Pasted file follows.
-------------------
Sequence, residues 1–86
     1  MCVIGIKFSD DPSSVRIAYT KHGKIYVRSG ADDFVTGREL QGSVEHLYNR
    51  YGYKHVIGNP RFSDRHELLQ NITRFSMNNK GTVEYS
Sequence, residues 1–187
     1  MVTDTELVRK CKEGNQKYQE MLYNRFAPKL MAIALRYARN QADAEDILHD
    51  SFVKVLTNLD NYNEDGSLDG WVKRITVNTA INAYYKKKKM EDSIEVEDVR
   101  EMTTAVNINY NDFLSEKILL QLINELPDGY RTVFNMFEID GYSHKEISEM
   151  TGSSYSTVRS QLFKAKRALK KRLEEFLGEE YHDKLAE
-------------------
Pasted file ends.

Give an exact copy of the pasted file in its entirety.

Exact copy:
Sequence, residues 1–86
     1  MCVIGIKFSD DPSSVRIAYT KHGKIYVRSG ADDFVTGREL QGSVEHLYNR
    51  YGYKHVIGNP RFSDRHELLQ NITRFSMNNK GTVEYS
Sequence, residues 1–187
     1  MVTDTELVRK CKEGNQKYQE MLYNRFAPKL MAIALRYARN QADAEDILHD
    51  SFVKVLTNLD NYNEDGSLDG WVKRITVNTA INAYYKKKKM EDSIEVEDVR
   101  EMTTAVNINY NDFLSEKILL QLINELPDGY RTVFNMFEID GYSHKEISEM
   151  TGSSYSTVRS QLFKAKRALK KRLEEFLGEE YHDKLAE